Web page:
Pope Francis, 9th July 2015.

  • What is your response to Amos’ words, to Pope Francis?
  • How might you live differently in consequence?

Ivory Lyre. Greek National Museum, Athens. (c) 2006, Allen Morris

Speak Lord: as you call us to prayer

prayer-nantes-cathedralThe second reading on Sunday, the 25th Sunday of Ordinary Time, comes from St Paul’s first letter to Timothy.

Paul establishes that the Church is to pray. It is God’s will that all be saved and reach full knowledge of the truth. And the Church is called to be servant for this work, not least by her prayer, and by her own peacefulness and care, love, for all people.

My advice is that, first of all, there should be prayers offered for everyone – petitions, intercessions and thanksgiving – and especially for kings and others in authority, so that we may be able to live religious and reverent lives in peace and quiet. To do this is right, and will please God our saviour: he wants everyone to be saved and reach full knowledge of the truth. For there is only one God, and there is only one mediator between God and mankind, himself a man, Christ Jesus, who sacrificed himself as a ransom for them all. He is the evidence of this, sent at the appointed time, and I have been named a herald and apostle of it and – I am telling the truth and no lie – a teacher of the faith and the truth to the pagans.

In every place, then, I want the men to lift their hands up reverently in prayer, with no anger or argument.

1 Timothy 2:1-8

Pope Francis calls the Church to this prayer also. On Tuesday there is a gathering in Assisi of leaders of all world faiths to witness together of the rightness of such prayer. Each in their tradtion praying for peace for the world.

For some background to the Day of Prayer and the work for peace click here.

  • For who will you pray?
  • With whom will you pray?

For some helpful reflections on prayer and a pattern of prayer to sustain Christian life and mission click here.

At prayer. Nantes Cathedral. (c) 2016, Allen Morris.

Speak Lord: save us

Plaster sheep, near Konya, TurkeyThe Responsorial Psalm, tomorrow, the 4th Sunday of Easter, picks up the theme of God’s careful, shepherding care of his people.

We are his people, the sheep of his flock.
or
Alleluia!

Cry out with joy to the Lord, all the earth.
Serve the Lord with gladness.
Come before him, singing for joy.

Know that he, the Lord, is God.
He made us, we belong to him,
we are his people, the sheep of his flock.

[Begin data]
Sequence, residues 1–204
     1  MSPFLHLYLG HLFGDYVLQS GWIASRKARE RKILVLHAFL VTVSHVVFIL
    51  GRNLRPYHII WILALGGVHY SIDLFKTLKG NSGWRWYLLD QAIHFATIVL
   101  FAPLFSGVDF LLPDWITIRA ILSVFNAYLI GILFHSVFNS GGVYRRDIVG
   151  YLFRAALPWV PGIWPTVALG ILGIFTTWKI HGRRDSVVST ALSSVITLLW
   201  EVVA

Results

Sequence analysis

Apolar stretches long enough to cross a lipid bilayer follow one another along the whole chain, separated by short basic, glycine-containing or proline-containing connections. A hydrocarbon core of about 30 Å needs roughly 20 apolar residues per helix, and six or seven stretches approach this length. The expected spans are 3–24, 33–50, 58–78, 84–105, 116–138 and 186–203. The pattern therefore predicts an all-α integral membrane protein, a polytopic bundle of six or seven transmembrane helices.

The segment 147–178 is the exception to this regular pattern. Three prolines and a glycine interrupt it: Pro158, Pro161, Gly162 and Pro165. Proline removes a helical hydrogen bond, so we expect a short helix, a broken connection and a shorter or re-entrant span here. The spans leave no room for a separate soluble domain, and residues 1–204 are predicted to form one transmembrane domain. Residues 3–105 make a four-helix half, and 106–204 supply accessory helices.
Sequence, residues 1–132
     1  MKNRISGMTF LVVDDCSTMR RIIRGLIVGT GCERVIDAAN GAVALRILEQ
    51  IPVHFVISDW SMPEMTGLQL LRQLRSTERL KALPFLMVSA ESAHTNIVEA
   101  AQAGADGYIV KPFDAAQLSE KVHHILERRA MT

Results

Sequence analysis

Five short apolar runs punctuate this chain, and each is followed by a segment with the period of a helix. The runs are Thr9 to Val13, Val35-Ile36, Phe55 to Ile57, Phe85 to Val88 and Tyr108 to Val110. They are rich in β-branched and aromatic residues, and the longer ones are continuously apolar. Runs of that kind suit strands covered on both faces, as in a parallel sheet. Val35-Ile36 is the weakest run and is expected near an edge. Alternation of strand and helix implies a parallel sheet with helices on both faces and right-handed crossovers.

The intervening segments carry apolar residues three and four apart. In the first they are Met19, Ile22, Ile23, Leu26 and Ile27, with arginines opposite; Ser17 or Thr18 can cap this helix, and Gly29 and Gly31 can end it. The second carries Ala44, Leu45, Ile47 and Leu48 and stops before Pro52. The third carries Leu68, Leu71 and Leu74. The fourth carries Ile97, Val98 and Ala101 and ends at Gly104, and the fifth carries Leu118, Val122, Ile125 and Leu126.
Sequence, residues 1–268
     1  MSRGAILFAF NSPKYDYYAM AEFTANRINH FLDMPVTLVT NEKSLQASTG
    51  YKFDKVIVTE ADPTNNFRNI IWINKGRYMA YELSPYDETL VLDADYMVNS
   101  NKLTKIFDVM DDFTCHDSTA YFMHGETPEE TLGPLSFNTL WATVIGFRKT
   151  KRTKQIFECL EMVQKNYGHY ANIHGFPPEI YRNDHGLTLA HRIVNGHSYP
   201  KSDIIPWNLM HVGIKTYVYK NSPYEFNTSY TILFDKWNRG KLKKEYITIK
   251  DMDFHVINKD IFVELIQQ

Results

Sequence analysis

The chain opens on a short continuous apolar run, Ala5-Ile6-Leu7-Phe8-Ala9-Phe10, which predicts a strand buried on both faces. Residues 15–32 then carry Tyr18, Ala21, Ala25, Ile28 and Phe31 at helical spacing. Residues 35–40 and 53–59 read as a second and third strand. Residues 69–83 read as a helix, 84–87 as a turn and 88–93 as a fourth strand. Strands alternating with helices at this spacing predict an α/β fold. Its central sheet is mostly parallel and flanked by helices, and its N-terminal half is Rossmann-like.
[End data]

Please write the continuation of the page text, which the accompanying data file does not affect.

Indeed, how good is the Lord,
eternal his merciful love.
He is faithful from age to age.

Psalm 99:1-3,5

And today Pope Francis in his visit to the migrants/refugees at Lesbos models allows the Lord’s care to echo in his being and in his actions. And reminds of the responsibility we each of us share for that same commitment to the human family, God’s family, our family.

  • To whom do you reach out?
  • Why?
  • To whom do you not?
  • Why?

Plaster sheep at a caravanserai, nr Konya, Turkey. (c) 2014 Allen Morris

Taste and See: the family of God

Moore, Family

There was an unexpected poignancy to the Collect this Sunday, the 3rd Sunday of Easter: hearing it, saying it, praying it, in the wake of the news about the conception of Justin Welby, Archbishop of Canterbury.

May your people exult for ever, O God,
in renewed youthfulness of spirit,
so that, rejoicing now in the restored glory of our adoption,
we may look forward in confident hope
to the rejoicing of the day of resurrection.
Through our Lord Jesus Christ, your Son,
who lives and reigns with you in the unity of the Holy Spirit,
one God, for ever and ever.

Speaking a few days earlier Archbishop Welby had said: ‘We need to be a church where I am who I am because I am in Jesus Christ.’ Those words were especially important for him given the particular circumstances in which he spoke, but are of importance for us too. All the baptised are adopted in Christ, thus children of God in a particular way, not only in our creation, but in our participation, through baptism, in the life of the eighth day, the new creation. We are to be who we are in Jesus Christ.

We can hear lying behind the words of Archbishop Welby the words of Augustine, Bishop of Hippo to those receiving Eucharist for the first time: receive what you are, become what you receive. You are the Body of Christ, receive the Body of Christ.

They are heard in the wake also of  Amoris LaetitiaPope Francis’s recent letter,on the family and its importance for healthy human and spiritual development. In that letter the Pope frankly acknowledges the sometime mess and chaos of human relationship, and how we are called, all of us, in Christ and by Christ, to respond in love. He quotes from 1 Corinthians 13, the famous ‘hymn to love’, and comments on the call there to patience in love:

Being patient does not mean letting ourselves be constantly mistreated, tolerating physical aggression or allowing other people to use us. We encounter problems whenever we think that relationships or people ought to be perfect, or when we put ourselves at the centre and expect things to turn out our way. Then everything makes us impatient, everything makes us react aggressively. Unless we cultivate patience, we will always find excuses for responding angrily. We will end up incapable of living together, antisocial, unable to control our impulses, and our families will become battlegrounds. That is why the word of God tells us: “Let all bitterness and wrath and anger and clamour and slander be put away from you, with all malice” (Eph 4:31). Patience takes root when I recognize that other people also have a right to live in this world, just as they are. It does not matter if they hold me back, if they unsettle my plans, or annoy me by the way they act or think, or if they are not everything I want them to be. Love always has an aspect of deep compassion that leads to accepting the other person as part of this world, even when he or she acts differently than I would like.

Amoris Laetitia, 92 (emphasis added)

  • What – most – makes me who I am?
  • What is my calling?

Sculpture by Henry Moore, Tate Britain. (c) 2014, Allen Morris